I blame Stephen Harper.
Face it, Canada’s latest trade troubles wouldn’t have happened without him!
If Mr. Harper hadn’t spent $30 million or so of our tax money “commemorating” the War of 1812, who would’ve known our side burned down the White House and sundry other buildings in Washington, D.C., in August of that year?
Certainly not a lummox like Donald Trump, the current occupant of the building we Canadians have been bragging about burning down for nearly 204 years now.
The $30 million spent by the Government of Canada on Mr. Harper’s watch as prime minister during the bicentennial year of the War of 1812, by the way, seems to have been part of a misguided effort to make Canada more like the United States by emphasizing military campaigns over other Canadian accomplishments. This was done, presumably, to make it easier for Trump-like characters like Doug Ford to get elected in Canada. We’ll have to wait for a few more hours to see how that worked out.
The Harper Conservatives, for example, had very little to say about the 40th anniversary of the Official Languages Act or the 30th anniversary of the Canadian Charter of Rights and Freedoms, both of which fell in the same year as the War of 1812 bicentennial.
Both of those, however, could be fairly described as the accomplishments of Liberal governments led by someone named Trudeau, so it’s no surprise the hyper-partisan Harper Conservatives wanted them to just go away, along with the distinctly Canadian accomplishments they represented.
It was just bad luck (as it turns out) that the military bicentennial that came up while Mr. Harper’s Republican-like Conservative Party of Canada was in power happened to be one that involved a confrontation with the United States in Washington, D.C., albeit a Washington that was not yet the imperial planetary capital.
Never mind that Canadians had little or nothing to do with the burning of the White House. You can blame the Royal Marines for that, along with a little help from the Royal Engineers and sundry regiments of the British Army. As far as anyone seems to know, there wasn’t a single Canadian on the job inside the as-yet-unimagined Beltway that night.
Indeed, you could probably credit Canada with putting the fire out. After all, the destruction of Washington was mostly a dud as a result of a heavy rainstorm, and as all Canadian TV watchers know, our American cousins almost always blame bad weather on Canada.
That notwithstanding, we own the White House fire now, having been taking unjustified credit for it for nigh on 204 years. Even so, if Mr. Harper had used our money to celebrate the adoption of the Charter, it’s hardly likely his buddy Mr. Trump – who the Conservatives liked so much better than President Barack Obama for some reason – would even have heard about it.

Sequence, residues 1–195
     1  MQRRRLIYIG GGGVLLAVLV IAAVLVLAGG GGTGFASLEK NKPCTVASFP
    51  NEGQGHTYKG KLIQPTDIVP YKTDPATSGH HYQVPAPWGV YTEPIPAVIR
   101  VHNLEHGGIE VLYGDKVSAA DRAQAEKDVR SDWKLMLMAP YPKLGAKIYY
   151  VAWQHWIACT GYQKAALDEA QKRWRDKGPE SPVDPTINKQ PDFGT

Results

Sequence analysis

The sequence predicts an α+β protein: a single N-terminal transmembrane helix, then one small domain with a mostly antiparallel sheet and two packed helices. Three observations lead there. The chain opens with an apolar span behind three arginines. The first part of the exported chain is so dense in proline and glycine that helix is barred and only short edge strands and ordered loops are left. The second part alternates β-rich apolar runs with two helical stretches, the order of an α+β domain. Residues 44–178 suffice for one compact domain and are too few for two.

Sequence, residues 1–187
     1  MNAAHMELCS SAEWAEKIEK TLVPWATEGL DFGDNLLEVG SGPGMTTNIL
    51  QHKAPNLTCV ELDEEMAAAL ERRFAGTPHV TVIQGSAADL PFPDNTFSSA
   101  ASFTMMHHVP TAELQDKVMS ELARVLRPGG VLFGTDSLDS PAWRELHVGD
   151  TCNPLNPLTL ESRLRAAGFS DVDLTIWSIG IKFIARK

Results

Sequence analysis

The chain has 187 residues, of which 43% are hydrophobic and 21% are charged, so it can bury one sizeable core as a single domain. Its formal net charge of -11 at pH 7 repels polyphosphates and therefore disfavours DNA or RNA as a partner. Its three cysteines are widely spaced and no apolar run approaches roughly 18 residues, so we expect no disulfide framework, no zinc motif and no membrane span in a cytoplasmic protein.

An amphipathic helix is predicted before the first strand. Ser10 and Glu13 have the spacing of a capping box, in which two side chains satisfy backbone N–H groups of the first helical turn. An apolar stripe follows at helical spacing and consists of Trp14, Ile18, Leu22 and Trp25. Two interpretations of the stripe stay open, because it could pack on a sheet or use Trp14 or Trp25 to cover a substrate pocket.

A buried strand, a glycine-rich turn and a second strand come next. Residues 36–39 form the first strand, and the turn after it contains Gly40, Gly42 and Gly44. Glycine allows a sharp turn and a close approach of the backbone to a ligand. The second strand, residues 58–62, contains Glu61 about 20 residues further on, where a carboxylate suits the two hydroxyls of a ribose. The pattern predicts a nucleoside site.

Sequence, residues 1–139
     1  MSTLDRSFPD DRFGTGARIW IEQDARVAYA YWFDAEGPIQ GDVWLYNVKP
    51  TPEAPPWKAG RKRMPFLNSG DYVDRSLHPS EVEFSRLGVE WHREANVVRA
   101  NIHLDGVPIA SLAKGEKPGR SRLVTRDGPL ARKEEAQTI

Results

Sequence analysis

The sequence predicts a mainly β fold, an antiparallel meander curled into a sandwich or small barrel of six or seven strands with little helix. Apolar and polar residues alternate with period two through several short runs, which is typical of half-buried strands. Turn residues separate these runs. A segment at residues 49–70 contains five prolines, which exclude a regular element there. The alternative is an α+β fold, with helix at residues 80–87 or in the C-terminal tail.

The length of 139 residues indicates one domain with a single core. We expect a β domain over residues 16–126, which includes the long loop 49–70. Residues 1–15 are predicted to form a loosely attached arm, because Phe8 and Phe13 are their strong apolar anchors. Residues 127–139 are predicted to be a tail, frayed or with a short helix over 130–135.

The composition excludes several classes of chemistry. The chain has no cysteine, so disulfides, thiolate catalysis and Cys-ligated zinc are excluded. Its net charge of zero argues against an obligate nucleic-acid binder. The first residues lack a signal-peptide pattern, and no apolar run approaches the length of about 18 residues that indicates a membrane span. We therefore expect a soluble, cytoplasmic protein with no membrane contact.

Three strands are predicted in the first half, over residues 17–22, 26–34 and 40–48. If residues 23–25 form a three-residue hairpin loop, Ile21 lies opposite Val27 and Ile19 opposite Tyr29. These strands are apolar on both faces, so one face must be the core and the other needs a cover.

By the way, if you don’t like me blaming Mr. Harper personally for dumb spending decisions by the Canadian government that had unintended ironic consequences, I don’t care. If that kind of treatment is good enough for President Vladimir Putin, who gets personally blamed for everything Russia is accused of doing, it’s good enough for the leader of the Munich-based Neoliberal Internationale.
Now that President Trump has apparently told Prime Minister Justin Trudeau, a chip off the old Liberal block, that he can put a huge tariff on Canadian steel and aluminum for reasons of “national security” because we are the guys who once burned down the White House, it’s fair to put the blame for this idea squarely where it belongs: on Mr. Harper and his Conservatives, some of whom even crossed the border to campaign for Mr. Trump.
As for the appropriate Canadian response to Mr. Trump’s pronouncements at this point, we could always show some spine and stick it to Mr. Trump by celebrating Aug. 24, the 204th anniversary of the burning of the White House in 1814. We could declare the 24th a national day of observance to mark The Day We Burned Ole D.C. Down.
I’d suggest lighting bonfires all along the 49th Parallel to remind our neighbours of what “we” once did to them and how we feel about what they’re doing to us, but thanks to the global climate leadership of Mr. Harper’s Conservatives and Mr. Trump’s Republicans that would probably be too risky, especially if a stiff wind is blowing!
The War of 1812 was fought between Britain and the United States over something like the Royal Navy’s bad habit of kidnapping American merchant sailors and impressing them into naval duty or the way the Americans were casting their greedy eyes at Canada. Depending on whom you talk to either way, it was a definite sideshow to the Napoleonic Wars, which ran from 1803 to 1815 and featured a French guy named Bonaparte.
Napoleon eventually met his Waterloo at, well, Waterloo. That was on June 18, 1815, and there is no doubt about who won that day, although like the Ontario election today, there was still some when everyone got up on the morning of the battle.
There remains some disagreement however, about who won the War of 1812. Canadians have said to each other for years that we did (meaning the British, seeing as Canada wasn’t officially a country until 1867) while our next door neighbours apparently learned another story in school. Whatever.
But who knew they’d be paying attention to what we were saying?